Rutland Herald (VT)
July 2, 2013
Section: NEWS

Town hopes to alleviate truck traffic

   Lucia Suarez

WEST RUTLAND — Efforts to curb an ongoing problem with trucks traveling on Whipple Hollow Road may be gaining some traction. Recent conversations among town officials, law enforcement, trucking companies and local businesses have focused on keeping large trucks from crossing through — and sometimes getting lost — in residential areas between Route 4 and Florence. They will be focusing on enforcement of weight limits on roads and bridges in hopes it will deter drivers.

“All the truckers are using the shortest or fastest route to OMYA and it’s through Whipple Hollow Road,” said Mary Ann Goulette, town manager in West Rutland. “The state added a lot of signage to go through Center Rutland then to Route 3 up to Florence, but still a lot go through town.”

She added that the majority of the drivers rarely have gone up to the Florence OMYA plant and follow global positioning systems, or GPS, that do not take them through the right place.

“It’s windy. It’s residential,” Goulette said. “Right now it’s about enforcement.”

She said these were sentiments shared by OMYA and the trucking companies, who are working with the towns to find solutions.

“I can’t stop saying good things about OMYA,” the town manager said. “OMYA is willing to help fix the problems.”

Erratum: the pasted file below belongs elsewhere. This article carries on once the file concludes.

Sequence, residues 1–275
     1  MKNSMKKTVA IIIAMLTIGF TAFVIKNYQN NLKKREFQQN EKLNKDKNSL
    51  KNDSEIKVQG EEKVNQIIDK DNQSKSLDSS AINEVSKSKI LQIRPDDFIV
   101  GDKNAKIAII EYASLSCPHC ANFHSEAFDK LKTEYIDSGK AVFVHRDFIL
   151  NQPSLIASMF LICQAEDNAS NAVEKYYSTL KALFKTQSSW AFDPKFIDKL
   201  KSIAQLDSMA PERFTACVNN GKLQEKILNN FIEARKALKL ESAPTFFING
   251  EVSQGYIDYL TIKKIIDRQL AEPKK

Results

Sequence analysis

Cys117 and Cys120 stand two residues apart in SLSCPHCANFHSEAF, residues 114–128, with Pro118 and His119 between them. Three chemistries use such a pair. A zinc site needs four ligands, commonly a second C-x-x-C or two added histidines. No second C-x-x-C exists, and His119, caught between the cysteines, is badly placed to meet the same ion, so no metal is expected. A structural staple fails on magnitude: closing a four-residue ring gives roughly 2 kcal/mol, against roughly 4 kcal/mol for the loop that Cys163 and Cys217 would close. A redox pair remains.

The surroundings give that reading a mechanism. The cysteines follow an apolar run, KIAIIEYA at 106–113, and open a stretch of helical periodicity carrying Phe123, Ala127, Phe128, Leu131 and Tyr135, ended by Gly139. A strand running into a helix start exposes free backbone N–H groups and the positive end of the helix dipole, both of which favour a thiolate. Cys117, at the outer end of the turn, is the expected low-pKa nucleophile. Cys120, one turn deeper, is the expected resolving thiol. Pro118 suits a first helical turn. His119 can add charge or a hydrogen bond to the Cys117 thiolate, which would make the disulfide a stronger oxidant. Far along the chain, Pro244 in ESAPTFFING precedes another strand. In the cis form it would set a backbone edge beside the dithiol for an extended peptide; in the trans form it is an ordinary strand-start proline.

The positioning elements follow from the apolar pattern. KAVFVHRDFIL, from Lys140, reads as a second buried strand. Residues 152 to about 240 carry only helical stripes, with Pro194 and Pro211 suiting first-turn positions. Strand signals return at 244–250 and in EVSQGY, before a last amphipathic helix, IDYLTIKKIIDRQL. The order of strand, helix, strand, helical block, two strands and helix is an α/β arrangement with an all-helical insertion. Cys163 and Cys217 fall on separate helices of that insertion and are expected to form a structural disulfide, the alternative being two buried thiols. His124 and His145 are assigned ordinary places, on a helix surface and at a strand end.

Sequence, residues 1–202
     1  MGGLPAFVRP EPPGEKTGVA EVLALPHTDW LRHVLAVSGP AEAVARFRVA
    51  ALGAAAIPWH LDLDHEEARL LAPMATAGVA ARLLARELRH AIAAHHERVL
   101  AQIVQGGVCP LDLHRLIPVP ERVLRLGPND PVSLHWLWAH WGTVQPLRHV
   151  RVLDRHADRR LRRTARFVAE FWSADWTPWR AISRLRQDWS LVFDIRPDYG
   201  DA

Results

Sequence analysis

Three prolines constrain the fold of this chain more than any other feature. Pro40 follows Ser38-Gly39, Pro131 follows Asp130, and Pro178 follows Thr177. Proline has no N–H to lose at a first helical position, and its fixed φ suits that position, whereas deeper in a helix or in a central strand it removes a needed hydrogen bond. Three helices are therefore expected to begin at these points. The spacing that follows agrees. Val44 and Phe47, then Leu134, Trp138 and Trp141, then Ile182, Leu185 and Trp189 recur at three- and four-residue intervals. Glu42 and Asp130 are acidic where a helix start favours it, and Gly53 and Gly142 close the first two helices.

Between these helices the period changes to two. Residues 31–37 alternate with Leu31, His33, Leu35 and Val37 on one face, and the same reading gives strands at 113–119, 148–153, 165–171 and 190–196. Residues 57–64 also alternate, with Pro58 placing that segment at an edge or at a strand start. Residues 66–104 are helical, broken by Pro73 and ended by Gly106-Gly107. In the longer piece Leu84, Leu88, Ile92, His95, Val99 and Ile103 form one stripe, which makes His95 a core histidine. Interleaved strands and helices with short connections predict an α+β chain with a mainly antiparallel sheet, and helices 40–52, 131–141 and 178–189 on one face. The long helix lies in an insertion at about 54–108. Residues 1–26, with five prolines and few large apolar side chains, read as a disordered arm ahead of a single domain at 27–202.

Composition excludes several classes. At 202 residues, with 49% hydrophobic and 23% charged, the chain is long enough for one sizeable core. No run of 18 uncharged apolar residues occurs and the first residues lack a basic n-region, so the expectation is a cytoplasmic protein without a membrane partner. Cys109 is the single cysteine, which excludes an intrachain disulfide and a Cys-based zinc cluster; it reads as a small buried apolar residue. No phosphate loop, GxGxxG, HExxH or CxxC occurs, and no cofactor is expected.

She said since January, at least 40 trucks have been seen going on Whipple Hollow Road and they are reaching the levels residents in the area felt last year.

Whipple Hollow Road is a Class 2 paved road that was paved several years ago. Town officials are worried the excess truck weight may do harm to an old wooden bridge on the road in the long run.

Lt. Kevin Andrews with the DMV’s commercial vehicle enforcement department said enforcement is hard on local roads because his department focuses mainly on the highways. He said there is not enough manpower to send workers for enough time to make it effective.

He also said the drivers are always changing, so even if they were at a certain location for two or three weeks, they probably would not see repeat drivers.

“The difficult part is that truck drivers use GPS similar to ours,” Andrews said. “It does not pick up truck routes. It would give them the same route that you or I.”

He added that it also does not help that because they drivers are so dependent on the technology, they do not pay attention to the signs.

“There are a lot of signs (before Whipple Hollow Road) directing OMYA traffic,” Andrews said.

The town, OMYA, the DMV and the Rutland County Sheriff’s Department have teamed up to come up with ways to focus on enforcing weight limits.

Andrews said he recommended that Sheriff’s deputies — with whom the town contracts for police coverage — take courses on how to monitor weight on vehicles. A portable scale could be loaned to the department for the purpose of enforcement.

“If hefty tickets get out in the trucking community (they may stop),” Goulette said, adding tickets can go as high as $1,500 for overweight trucks. “Enforcement is our next step.”

She said conversations are ongoing and that they are considering the recommendation Andrews made.

“I think we are making more progress now and we are hoping to make more progress down the line,” Andrews said.